DSC_0123Gavin Shuker MP has revisited local charities and community organisations who have taken part in his Summer School for young people over the last four years as part of his 2015 Summer School tour. Each summer Gavin brings together more than twenty young people for four weeks in Luton to build their experience in campaigning and public service with local charities.

Gavin went back to catch up with five of the charities who have taken part in the project since 2011. He heard about what the charities have been up to since taking part in the Summer School project, and asked about what they have planned for the future.


Click here to see what Gavin got up to on his Summer School tour, visiting the Luton food bank, LAMP, the London Road Resource Centre, Age Concern Luton and Mind BLMK.

Continue reading Gavin reunites with Luton charities for Summer School tour

Repealing the bedroom tax

The latest figures from the Department for Work and Pensions show that 461 households in Luton South are being hit by the heartless Tory-Lib Dem Bedroom Tax. Doing away with the tax will be a priority when Labour takes office, ampoule and I look forward to one of my first votes in the next Parliament being to repeal it.

The existence of the bedroom tax tells you all you need to know about the character of the Tory party. It proves what Ed Miliband once said: “David Cameron is strong at standing up to the weak, ambulance but weak when it comes to standing up against the strong.”

In the same year the bedroom tax was introduced, the Tories gave a tax cut to top-rate taxpayers. For those with incomes of a million pounds, this meant an average saving of £100,000. Meanwhile, those 461 households subject to the bedroom tax in Luton South are faced with an average bill of £4,200 extra over the next five years if another Tory government takes power in May.

The Tories claim that the tax is needed to tackle under-occupancy of council and housing association properties. The trouble is, there aren’t enough smaller properties for people hit by the tax to move into. In Luton alone there were already 2,582 people on the waiting list for a 1-bed property when the tax was implemented.

This means that those hit by the bedroom tax often have no choice; in many cases they simply can’t move to a smaller property. Most scandalous of all is the fact that, nationally, two-thirds of households hit by the tax include a disabled person, who may require the extra space to allow them to live with dignity.

Moreover, the latest data shows that the discretionary housing payment from central government to Luton Borough Council is falling. It’s been cut by nearly 30% for 2015-16 compared with 2013-14, meaning the council has even less money spare to soften the blow of the bedroom tax in the most urgent cases.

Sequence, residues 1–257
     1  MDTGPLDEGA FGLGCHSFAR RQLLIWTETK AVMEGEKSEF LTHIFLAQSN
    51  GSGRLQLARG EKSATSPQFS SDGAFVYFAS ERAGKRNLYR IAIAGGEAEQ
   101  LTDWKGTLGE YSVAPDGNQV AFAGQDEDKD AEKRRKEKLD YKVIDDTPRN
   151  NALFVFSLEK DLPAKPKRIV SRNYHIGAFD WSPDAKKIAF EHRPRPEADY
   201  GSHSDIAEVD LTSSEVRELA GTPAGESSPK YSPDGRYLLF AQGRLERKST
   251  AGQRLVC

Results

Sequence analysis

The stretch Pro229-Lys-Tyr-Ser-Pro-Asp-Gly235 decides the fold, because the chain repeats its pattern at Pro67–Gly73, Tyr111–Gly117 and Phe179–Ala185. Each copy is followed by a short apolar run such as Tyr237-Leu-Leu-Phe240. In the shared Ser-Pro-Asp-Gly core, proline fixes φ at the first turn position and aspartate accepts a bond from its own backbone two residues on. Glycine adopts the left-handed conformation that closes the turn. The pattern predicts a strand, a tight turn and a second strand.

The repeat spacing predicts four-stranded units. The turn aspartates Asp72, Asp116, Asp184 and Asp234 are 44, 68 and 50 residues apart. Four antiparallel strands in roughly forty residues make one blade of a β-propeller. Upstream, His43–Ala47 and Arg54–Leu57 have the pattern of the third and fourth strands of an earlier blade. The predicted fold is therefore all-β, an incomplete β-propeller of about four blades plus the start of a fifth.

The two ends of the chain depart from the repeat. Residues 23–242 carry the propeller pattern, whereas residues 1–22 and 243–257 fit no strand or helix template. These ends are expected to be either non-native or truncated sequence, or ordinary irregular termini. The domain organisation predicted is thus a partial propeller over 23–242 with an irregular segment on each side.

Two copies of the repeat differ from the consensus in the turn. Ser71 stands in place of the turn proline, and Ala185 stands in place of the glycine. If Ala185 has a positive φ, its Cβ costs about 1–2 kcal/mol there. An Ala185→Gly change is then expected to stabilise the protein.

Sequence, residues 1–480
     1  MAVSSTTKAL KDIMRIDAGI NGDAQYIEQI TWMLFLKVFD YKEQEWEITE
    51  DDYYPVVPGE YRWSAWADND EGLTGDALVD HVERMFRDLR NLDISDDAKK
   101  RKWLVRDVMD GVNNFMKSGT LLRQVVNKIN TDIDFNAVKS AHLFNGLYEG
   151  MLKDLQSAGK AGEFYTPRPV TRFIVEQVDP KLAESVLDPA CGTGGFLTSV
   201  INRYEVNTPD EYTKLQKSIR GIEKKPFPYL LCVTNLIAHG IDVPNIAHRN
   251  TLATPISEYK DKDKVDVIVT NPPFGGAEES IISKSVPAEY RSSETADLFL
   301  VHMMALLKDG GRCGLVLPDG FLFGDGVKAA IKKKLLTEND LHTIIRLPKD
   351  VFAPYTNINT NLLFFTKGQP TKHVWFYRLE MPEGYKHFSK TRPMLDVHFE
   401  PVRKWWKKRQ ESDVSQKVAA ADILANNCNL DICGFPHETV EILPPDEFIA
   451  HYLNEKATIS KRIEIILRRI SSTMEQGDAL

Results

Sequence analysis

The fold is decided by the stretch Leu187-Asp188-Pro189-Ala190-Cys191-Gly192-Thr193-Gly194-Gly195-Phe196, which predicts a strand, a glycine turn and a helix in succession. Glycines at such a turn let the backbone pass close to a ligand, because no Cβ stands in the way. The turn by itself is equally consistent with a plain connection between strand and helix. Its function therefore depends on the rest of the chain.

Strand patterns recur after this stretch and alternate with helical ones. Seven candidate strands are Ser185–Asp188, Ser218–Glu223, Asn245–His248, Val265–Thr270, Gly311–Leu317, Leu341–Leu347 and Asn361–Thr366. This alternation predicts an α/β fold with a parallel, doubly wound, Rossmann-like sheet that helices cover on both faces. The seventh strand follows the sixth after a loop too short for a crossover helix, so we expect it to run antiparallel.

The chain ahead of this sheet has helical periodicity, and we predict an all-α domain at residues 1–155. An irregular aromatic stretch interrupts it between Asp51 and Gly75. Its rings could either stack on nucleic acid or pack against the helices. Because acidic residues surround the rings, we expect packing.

In spite of the policy’s failings and its abundant cruelty, the Tories are going into this general election promising to keep it. But a Labour government will abolish the bedroom tax, recouping the cost of cancelling it by, among other measures, reversing the Tories’ hedge fund tax cut.

This pledge speaks for itself. While the Tories are on the side of the few, Labour will stand up for the many, including the hundreds of families in Luton South whose lives are being made harder by the bedroom tax.

Why I’m supporting the CAMRA manifesto

As anyone who knows me well can attest, prescription real ale is an interest of mine!

Last week I was at the 32nd Luton Beer and Cider Festival together with Luton North MP Kelvin Hopkins, look where we enjoyed a drink from our very own Labour Party barrel. In previous years I’ve opened the festival, but thankfully I had a night off as our own mayor, Councillor Farooq, was on hand to do the duties.

CAMRA’s manifesto for pubs and real ale at the 2015 general election has been published – and yes, I’m signed up. CAMRA are calling on the next government to support well-run community pubs, promote Britain’s 1,300 breweries and to stand up for pub goers and beer drinkers.

I think it’s right that we recognise the role that pubs play in local communities and local life. CAMRA research shows that each well-run pub injects around £80,000 into its local area each year. Under this government, 29 pubs have closed each week on average; and as we know, there’s no such thing as a bad pub – they just need tending and a little help to thrive.

The most depressing examples are where supermarkets move in to historic old pub buildings – creating a double offence, closing down a local and replacing it with the cheap poor quality alcohol that does real harm to local communities.

At this election we all need to work to keep our British real ale tradition alive.